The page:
Bulgaria’s energy minister Alexander Nikolov said his country can meet the needs of users for at least one month.

Quote"Alternative supplies are available, and Bulgaria hopes that alternative routes and supplies will also be secured at the EU level."

The New York Times, for its part, reports that Greece will help Bulgaria.

Photo: Getty Images

Photo: Getty Images

Greek Prime Minister Kyriakos Mitsotakis assured his Bulgarian counterpart Kiril Petkov that next month the country would make several deliveries of liquefied natural gas to the country.

Greece is looking for alternatives to Russian gas

Photo: Wikipedia

Photo: Wikipedia

Russia’s move raised wider concerns that other Western countries could be targeted next as they increase their support for Ukraine. EU officials held emergency talks on 27 April.

The Greek government will also hold its own emergency meeting in Athens. Greece’s next scheduled payment to Gazprom is due on May 25.

Greece is ramping up its liquefied natural gas storage capacity, and has contingency plans to switch several industry sectors from gas to diesel as an emergency energy source.

It has also reversed a program to reduce domestic coal production over the next two years.

Alternatives for bloody regime


Russia can in theory sell its oil to India and China, because oil primarily moves by ship.

But the pipeline network that carries gas from Russia’s huge deposits in northwestern Siberia’s Yamal Peninsula does not connect with pipelines that run to China. And the Kremlin only has limited facilities to export super chilled liquefied gas by ship.

Fatih Birol, the head of the Paris-based International Energy Agency, described Russia’s move as a weaponization of energy supplies.

Photo: Wikipedia

Photo: Wikipedia

Quote"It makes it clearer than ever that Europe needs to move quickly to reduce its reliance on Russian energy," he stressed.

The Kremlin's behavior will hit him hard enough: The EU pays Russia about $400 million a day for gas, and Putin will lose this money in case of a complete cutoff.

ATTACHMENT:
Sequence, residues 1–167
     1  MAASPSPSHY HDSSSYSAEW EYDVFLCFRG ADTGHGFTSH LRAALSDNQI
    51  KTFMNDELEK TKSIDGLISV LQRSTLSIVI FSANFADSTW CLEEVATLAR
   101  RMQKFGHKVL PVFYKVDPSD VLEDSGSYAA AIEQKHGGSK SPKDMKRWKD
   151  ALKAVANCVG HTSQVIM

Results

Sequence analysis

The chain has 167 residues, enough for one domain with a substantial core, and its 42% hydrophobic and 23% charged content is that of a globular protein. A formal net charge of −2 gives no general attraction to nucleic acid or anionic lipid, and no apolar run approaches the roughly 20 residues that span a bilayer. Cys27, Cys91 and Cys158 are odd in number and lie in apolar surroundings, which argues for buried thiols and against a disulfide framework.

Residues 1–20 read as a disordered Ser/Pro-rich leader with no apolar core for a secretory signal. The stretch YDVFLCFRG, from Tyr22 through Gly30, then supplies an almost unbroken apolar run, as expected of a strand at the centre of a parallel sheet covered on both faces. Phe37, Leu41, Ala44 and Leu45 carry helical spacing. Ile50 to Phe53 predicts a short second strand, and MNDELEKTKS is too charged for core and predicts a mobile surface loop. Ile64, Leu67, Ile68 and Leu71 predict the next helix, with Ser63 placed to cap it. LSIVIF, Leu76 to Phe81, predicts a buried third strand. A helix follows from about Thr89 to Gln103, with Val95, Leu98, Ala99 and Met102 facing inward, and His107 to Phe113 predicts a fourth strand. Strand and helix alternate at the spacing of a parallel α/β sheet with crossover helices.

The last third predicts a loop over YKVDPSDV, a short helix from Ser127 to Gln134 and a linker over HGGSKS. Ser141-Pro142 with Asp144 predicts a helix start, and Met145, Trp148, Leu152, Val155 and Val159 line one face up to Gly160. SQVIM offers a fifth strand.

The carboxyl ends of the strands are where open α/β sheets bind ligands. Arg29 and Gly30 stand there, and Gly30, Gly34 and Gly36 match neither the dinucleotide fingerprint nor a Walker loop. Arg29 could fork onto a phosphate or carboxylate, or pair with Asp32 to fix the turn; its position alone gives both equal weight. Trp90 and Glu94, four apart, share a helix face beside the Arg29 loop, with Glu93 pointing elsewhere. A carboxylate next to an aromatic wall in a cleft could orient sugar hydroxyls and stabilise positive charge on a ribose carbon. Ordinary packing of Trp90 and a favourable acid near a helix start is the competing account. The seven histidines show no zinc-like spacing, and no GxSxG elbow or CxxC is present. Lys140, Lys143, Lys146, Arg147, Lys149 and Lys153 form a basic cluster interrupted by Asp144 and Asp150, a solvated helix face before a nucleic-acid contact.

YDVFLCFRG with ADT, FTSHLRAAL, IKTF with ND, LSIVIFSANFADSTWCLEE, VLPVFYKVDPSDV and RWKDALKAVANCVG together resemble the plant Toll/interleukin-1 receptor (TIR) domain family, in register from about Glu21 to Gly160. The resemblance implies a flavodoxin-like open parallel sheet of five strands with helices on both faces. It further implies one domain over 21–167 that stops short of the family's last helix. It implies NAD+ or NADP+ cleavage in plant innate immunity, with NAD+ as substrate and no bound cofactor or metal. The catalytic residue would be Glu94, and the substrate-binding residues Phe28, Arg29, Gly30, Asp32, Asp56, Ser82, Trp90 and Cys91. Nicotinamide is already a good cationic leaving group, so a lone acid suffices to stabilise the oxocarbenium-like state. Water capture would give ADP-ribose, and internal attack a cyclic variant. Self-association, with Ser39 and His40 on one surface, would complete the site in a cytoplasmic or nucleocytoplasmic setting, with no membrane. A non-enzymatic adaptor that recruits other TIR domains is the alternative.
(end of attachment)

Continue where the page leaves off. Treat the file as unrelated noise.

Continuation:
Prices in Europe tol hit UK

Photo: Wikipedia

Photo: Wikipedia

The BBC explains how Gazprom's decision could impact consumers in the UK.

Russia only provides about 5% of the UK's gas supplies, but that did not stop gas prices rising following Moscow's invasion of Ukraine.

They depend on wholesale markets, which can go down as well as up. A reduction in energy supplies has a global impact on prices, including in London.

The UK also has limited gas storage facilities, which means it is more affected by short-term price fluctuations in the wholesale market.

Electricity bills and pariah Russia

If Russian gas supplies to the wider EU were cut off, there would be increased competition for alternative supplies.

A third of the UK's gas comes through pipelines from Norway — Vaar Energi company said it's currently directing as much gas as it can to the European continent, where prices are higher than they are in the UK.

Currently energy bills in the UK are predicted to reach as high as £3,000 (about $3,700) a year.

Photo: Getty Images

Photo: Getty Images

At the same time, British Deputy Prime Minister Dominic Raab has said that Russia's decision is only isolating it further on the international stage.

Quote"It will have a very damaging effect on Russia as well because it is becoming further and further, more and more, not just a political pariah, but an economic pariah."


  • Earlier we reported that Ukraine increased the daily possibility of gas imports at the western border to 54 million cubic meters.
  • In addition, on February 18, Europe announced that it intends to make the United States its main gas supplier.